Skin, the largest organ of the body, covers a surface area of about 18 square feet in a healthy adult. The outer layer of skin, the epidermis, is made up of dead, flattened cells, and is less than 1/100th of a millimeter thick. As skin cells age, they move from the base layer of the epidermis toward the surface of the skin. Aging and lifestyle can slow this process so that dead cells stay on the skin for longer periods, giving a dull, dry appearance. A micro peel can gently remove this layer of cells to reveal younger, fresher-looking skin.
A micro peel, sometimes called the “lunch-hour peel,” involves three steps. The first step, abrasion, uses either an enzyme solution or mechanical abrasion (scraping) to remove the top cell barrier. Next, an alpha hydroxy acid (AHA) solution, either glycolic acid from sugar cane or lactic acid from sour milk, is applied to skin and allowed to set for an amount of time determined by your dermatologist. After neutralizing the acid, your dermatologist uses cryogenic therapy, a type of dry-ice-freezing therapy that acts as both an anti-inflammatory and antibacterial agent.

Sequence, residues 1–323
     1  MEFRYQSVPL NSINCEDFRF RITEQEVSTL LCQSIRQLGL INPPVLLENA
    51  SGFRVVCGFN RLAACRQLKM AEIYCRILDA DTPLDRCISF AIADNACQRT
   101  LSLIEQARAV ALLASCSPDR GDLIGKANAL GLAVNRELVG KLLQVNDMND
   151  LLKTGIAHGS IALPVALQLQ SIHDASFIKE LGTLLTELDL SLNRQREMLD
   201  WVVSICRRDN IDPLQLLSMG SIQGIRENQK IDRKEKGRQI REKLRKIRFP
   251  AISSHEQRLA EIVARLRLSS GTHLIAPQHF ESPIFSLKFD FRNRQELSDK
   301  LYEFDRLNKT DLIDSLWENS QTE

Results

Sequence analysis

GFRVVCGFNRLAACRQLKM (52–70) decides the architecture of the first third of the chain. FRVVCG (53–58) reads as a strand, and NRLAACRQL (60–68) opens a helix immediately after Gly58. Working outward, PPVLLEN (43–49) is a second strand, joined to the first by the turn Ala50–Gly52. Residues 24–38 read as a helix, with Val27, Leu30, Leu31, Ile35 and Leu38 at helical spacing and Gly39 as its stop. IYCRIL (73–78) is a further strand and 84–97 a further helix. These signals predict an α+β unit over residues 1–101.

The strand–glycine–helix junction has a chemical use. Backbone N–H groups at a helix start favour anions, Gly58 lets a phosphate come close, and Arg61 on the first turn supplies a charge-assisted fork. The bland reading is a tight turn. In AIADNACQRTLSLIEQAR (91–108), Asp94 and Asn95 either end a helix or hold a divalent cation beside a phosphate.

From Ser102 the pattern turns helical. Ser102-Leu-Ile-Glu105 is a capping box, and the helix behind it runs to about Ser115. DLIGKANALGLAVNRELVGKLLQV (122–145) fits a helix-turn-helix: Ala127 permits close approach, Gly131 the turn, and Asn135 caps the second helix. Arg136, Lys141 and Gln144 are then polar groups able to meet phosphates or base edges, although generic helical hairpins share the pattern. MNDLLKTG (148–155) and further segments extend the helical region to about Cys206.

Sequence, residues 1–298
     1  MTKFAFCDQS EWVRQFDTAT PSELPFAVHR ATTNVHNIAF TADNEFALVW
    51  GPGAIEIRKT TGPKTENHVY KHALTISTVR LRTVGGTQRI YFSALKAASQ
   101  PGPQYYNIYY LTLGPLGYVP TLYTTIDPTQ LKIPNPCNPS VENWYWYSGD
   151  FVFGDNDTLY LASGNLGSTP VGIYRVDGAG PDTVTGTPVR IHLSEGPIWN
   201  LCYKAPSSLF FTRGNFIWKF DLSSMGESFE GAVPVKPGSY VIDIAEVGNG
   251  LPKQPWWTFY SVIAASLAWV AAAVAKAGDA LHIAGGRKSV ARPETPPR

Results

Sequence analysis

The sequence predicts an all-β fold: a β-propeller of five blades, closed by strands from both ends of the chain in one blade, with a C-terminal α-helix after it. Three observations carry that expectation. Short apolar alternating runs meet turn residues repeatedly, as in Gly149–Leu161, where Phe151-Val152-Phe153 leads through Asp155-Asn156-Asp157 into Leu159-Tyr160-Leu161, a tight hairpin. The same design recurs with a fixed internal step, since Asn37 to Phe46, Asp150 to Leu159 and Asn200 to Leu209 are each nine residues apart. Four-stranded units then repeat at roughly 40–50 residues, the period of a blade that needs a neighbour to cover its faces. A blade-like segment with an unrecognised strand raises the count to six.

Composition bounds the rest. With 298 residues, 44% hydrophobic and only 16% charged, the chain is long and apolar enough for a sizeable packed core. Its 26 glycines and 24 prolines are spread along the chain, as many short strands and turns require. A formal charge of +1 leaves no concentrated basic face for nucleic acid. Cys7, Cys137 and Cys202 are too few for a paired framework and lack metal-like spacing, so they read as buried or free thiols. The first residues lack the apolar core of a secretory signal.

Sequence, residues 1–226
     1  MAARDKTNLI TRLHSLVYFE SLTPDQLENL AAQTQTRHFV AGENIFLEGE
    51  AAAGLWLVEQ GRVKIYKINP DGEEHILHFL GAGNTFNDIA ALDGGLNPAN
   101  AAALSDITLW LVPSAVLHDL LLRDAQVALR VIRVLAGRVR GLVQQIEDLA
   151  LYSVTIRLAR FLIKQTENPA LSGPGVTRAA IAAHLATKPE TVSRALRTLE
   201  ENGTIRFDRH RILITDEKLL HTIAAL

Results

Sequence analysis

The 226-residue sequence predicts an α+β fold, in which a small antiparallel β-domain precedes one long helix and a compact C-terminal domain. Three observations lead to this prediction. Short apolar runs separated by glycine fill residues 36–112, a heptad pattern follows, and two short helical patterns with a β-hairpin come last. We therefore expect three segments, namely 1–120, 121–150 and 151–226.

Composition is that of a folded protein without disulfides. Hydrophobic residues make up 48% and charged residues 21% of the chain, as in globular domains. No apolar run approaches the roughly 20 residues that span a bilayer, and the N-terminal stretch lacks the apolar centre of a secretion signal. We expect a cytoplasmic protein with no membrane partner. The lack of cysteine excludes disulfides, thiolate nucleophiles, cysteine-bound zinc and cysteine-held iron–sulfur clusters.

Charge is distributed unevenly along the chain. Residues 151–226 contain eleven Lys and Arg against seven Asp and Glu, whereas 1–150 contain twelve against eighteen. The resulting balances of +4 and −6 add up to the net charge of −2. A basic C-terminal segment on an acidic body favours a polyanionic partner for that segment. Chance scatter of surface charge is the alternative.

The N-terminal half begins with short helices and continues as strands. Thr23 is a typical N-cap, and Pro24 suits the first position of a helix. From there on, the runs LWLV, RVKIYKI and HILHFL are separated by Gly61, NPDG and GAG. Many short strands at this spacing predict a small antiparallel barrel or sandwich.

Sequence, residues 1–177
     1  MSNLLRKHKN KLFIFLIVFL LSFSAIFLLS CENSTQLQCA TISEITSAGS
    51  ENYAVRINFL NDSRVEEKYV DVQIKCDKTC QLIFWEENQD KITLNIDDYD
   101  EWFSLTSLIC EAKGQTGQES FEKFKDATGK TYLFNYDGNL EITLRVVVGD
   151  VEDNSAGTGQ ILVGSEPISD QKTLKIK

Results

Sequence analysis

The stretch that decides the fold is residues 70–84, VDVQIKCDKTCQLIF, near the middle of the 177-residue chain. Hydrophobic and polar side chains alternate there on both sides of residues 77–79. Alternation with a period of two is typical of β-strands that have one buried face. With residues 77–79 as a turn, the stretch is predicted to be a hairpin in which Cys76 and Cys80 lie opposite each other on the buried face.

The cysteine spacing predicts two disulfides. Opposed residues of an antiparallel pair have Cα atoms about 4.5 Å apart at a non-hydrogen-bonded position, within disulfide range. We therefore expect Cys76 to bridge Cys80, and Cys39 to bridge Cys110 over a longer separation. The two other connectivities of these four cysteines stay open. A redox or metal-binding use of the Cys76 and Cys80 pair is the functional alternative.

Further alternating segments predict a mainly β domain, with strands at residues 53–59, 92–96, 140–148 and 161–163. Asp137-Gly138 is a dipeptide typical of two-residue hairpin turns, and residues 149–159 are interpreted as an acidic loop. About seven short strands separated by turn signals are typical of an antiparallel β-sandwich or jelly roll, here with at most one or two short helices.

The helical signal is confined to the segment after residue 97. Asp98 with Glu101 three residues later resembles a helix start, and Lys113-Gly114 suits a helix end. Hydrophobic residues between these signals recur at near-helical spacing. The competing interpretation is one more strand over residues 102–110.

Micro peels rarely cause lasting side effects. Stinging, however, can occur during the AHA application. While it is temporary and calmed by the cryogenic application, people with sensitive skin may find this prohibitive.
Erythema, or redness, occasionally accompanied by inflammation, can occur after a micro peel. "Aging Skin Net," the journal for the American Academy of Dermatology, writes that the redness may last for a day or two after treatment.
Because the top layer of skin forms a protective barrier for the body, removing it, even at the microscopic level, may cause increased sensitivity to substances that would otherwise not be irritating such as fragranced makeup, perfumes and soaps. Your dermatologist might recommend using a gentle cleanser for a couple of days after the treatment or to avoid certain cosmetics.